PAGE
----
Sunday, October 24, 2010

Tutorial For Making Beaded Wine Charms

Making Beaded Wine Charms
Every Christmas Holiday season I receive lots of orders for my beaded wine charms.  These are one of my favorite - and actually easiest items to create.  The possibilities are endless for themes, colors and materials.  These charms are great for dinner parties and entertaining - helping your guests keep up with their glass - and making nice conversation pieces.  They also make great hostess gifts!

This tutorial will show how I make my beaded wine charms.


  • Beads of your choice 
  • Charms
  • Wire hoops (I use 25mm earring wire hoops)
  • Small jump rings to attach the charm to the hoop - or headpins for converting a bead into a   charm with its own loop using a wrapped loop technique
  • Round nose and needle nose pliers


1.  Choose your wire hoop.  This tutorial uses a 25mm gold-plated wire hoop.
25mm Gold Plated Wire Hoop
2.  Place beads and charm onto wire hoop.  For these charms I made my own charm using beads and a headpin which I wire-wrapped to form a loop for sliding onto the charm.  You can also use ready made charms - available in a wide variety of materials and themes.
Wire Hoop with Beads and Charm

3.  Form a closure for the hoop so that the beads and charm does not fall off.  The wire hoop has one end with a loop and one straight end.  Working on the straight end, use your round nose pliers to bend the end up to make a 90 degree angle.
Wire Hoop with 90 Degree Angle Closure

4.  Some people stop with step 3 but I prefer to finish the closure by using my round nose pliers to bend the tip of the hoop backwards to form a u-shaped closure.  To do this, grasp the tip of the bent up portion of the hoop end and bend it backwards over the top of the pliers tip.
Wire Hoop Finished with U-Shaped Closure
5.  Voila!  You now have a perfectly finished wine glass charm.
Finished Wine Charm
6.  Make as many as you want for a set - four, six, eight or more!
Set of Six Beaded Wine Charms

You can find more of my beaded wine charms in my Etsy shop!

Sunday, October 10, 2010

History of Pandora and Pandora Style Jewelry

Pandora Style Rose Chintz Bracelet
By DJAjewels

I recently have made a couple of the popular "Pandora Style" bracelets.  Although they are not a big part of my line, I felt the need to at least design a couple of pieces because of their immense popularity.  And so, I became interested in the origins of the Pandora® jewelry line.

Pandora style jewelry is also called "European Style" jewelry because the Pandora line originated in Denmark and was initially a European trend.  Pandora introduced its first bracelet in Denmark in 1999, and the style quickly became popular across Europe.  By 2002, the brand arrived in the United States where its popularity also quickly spread.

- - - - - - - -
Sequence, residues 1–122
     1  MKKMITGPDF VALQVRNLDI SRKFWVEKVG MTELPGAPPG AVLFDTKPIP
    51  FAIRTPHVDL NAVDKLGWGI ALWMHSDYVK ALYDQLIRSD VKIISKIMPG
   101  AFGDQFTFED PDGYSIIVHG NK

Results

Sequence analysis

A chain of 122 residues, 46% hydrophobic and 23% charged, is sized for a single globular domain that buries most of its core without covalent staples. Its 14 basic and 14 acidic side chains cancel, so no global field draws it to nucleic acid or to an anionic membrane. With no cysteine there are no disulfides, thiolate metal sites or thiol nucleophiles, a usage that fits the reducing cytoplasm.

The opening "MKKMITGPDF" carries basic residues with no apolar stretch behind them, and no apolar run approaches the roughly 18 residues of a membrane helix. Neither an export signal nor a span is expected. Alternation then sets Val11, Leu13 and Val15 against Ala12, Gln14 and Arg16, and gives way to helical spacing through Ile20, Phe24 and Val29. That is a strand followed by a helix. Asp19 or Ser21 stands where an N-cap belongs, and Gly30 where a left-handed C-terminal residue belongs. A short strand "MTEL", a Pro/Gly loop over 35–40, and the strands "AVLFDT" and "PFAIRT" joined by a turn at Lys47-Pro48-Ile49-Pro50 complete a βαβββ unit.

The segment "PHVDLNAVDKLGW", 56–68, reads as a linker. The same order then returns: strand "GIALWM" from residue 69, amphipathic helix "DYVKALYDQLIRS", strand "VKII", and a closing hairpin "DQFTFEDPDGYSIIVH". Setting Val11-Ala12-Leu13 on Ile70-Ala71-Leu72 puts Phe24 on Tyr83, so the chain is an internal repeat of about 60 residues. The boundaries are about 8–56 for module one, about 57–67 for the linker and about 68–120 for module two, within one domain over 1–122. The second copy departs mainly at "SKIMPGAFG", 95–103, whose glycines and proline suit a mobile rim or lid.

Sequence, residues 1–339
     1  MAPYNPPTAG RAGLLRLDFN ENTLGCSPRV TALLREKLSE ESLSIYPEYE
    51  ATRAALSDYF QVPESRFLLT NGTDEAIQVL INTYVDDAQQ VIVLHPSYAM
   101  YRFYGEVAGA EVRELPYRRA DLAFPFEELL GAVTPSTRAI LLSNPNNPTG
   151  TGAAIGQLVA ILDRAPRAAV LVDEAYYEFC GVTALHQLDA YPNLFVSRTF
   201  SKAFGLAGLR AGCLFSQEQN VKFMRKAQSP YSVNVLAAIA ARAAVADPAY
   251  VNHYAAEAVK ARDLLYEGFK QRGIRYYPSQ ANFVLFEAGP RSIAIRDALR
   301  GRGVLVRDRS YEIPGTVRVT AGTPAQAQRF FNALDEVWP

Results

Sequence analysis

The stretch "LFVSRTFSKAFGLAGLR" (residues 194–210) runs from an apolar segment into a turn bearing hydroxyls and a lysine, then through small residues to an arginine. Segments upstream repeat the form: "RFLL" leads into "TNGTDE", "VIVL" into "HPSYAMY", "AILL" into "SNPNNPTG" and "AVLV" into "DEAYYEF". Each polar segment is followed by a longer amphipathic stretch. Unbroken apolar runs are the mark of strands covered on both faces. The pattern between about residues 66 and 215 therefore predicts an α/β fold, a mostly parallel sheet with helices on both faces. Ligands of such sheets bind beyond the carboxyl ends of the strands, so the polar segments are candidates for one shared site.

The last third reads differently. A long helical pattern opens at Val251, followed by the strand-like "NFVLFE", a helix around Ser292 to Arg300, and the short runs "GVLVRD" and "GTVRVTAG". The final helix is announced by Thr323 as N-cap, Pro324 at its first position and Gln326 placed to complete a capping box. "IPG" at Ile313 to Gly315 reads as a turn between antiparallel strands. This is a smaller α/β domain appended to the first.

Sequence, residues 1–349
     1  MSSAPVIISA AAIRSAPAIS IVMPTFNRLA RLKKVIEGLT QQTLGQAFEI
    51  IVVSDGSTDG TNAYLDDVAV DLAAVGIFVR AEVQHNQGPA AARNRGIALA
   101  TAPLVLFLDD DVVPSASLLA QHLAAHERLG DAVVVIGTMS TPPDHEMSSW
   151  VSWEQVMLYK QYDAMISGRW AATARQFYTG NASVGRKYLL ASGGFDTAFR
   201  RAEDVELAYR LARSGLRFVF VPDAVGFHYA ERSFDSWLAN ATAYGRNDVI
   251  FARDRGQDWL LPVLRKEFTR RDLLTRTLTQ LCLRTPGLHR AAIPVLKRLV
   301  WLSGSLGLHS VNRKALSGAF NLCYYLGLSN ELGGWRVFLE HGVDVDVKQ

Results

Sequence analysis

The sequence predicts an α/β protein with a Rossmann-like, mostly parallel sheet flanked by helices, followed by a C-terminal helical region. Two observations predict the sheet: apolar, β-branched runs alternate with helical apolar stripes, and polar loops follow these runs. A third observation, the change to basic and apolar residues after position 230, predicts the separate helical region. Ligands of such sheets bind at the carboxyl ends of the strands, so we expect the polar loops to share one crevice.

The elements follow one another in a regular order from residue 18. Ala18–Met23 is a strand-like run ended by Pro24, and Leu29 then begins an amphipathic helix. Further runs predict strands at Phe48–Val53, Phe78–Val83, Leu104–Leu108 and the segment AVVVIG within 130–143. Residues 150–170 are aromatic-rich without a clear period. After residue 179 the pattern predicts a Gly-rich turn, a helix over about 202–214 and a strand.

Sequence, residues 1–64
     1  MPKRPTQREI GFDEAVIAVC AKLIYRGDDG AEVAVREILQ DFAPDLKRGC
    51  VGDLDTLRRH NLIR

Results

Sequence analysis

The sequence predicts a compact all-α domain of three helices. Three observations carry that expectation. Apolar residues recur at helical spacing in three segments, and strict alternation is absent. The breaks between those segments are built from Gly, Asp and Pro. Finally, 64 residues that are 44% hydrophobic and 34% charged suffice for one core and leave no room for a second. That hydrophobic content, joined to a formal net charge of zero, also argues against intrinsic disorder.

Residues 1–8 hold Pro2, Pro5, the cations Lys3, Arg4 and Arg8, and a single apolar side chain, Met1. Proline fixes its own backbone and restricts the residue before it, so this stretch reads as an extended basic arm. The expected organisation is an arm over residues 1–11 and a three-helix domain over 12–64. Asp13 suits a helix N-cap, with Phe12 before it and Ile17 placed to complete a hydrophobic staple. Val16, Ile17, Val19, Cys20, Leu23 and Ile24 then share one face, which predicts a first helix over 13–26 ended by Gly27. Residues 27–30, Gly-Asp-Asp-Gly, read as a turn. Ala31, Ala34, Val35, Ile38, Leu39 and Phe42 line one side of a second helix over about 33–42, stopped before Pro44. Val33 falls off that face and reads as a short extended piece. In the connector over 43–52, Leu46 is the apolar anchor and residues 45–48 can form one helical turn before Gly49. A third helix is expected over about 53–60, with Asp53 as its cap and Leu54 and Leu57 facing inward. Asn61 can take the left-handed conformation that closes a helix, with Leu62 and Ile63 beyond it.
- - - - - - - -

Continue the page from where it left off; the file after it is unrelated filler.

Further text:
The name for the Pandora® line was inspired by Greek mythology goddess Pandora.  Of course, now there are many "Pandora Style" designs not made by Pandora® but created in the same or similar style.  It is important to recognize whether you are purchasing an actual Pandora product or a design inspired by their line.  An actual Pandora® piece of jewelry is, of course, going to cost more than a "Pandora inspired" piece.

The unique style of Pandora® and Pandora inspired jewelry allows the wearer to create a unique design by choosing individual charms and beads.  The design is customizable as beads can be added, removed, moved about on the bracelet.  The design can be completely individualized because the clasp/closure allows the large hole beads to be added and removed so easily.

So whether you are looking for an actual Pandora® piece of jewelry or want to experiment with a Pandora style piece, go ahead and have fun creating your own original design.  There are many sellers on ArtFire, Etsy and elsewhere that offer a wide variety of beads and components. You can also purchase a fully beaded design - for a look at my designs, click here!

Sunday, October 3, 2010

ArtFire Versus Etsy

This post is a follow-up to my last one on the ArtFire Group Deal.  I did opt in and I became a Pro Member as of October 1, 2010.  I now have my shop up and going and fairly well stocked with just under 50 items.

I continue to operate my Etsy shop and will likely continue to sell in both venues.  I have to say, however, the ArtFire platform is very user-friendly and has some features I really like that Etsy does not offer.  For example, I can create "coupons" for customers to use to receive discounts.  I can also mark individual or multiple items for "sale" with price markdowns.  I can even create gift certificates.  I can also show a link to my Etsy shop in my ArtFire shop - not permitted on Etsy.  I can also show 10 pictures of an item versus 5 on Etsy.  And my overhead is less selling on ArtFire's site as well!

Still, Etsy is not a bad place at all.  It certainly contains a thriving community of talented and interesting artists.  It is also very well known and has a large following of customers.  The selling platform is simple to use and easy to upload items for sale.  Visibility is Etsy's strength, however since it is still the best known site for handmade items.

Still,  ArtFire is coming on strong and with all its perks and low fees, it's market presence is steadily growing.  So for now, I will continue on with both shops.  It might be that I eventually settle on one or the other.  Or I might find that I want to divide my inventory of designs and sell one type on Etsy and the other on ArtFire.

Please check out both my sites - feedback and comments are welcome!